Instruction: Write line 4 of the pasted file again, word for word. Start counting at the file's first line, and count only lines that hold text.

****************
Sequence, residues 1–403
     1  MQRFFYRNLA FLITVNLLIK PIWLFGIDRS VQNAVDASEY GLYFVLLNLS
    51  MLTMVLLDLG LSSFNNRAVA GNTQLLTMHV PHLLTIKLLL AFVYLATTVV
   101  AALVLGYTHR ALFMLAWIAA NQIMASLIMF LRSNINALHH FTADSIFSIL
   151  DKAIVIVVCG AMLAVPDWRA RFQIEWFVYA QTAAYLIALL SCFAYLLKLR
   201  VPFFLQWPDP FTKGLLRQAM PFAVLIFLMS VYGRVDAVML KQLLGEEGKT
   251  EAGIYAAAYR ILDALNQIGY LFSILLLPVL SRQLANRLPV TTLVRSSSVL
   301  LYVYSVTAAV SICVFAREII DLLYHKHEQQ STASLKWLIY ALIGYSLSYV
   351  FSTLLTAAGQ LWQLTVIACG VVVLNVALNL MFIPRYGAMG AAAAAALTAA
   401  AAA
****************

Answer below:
   101  AALVLGYTHR ALFMLAWIAA NQIMASLIMF LRSNINALHH FTADSIFSIL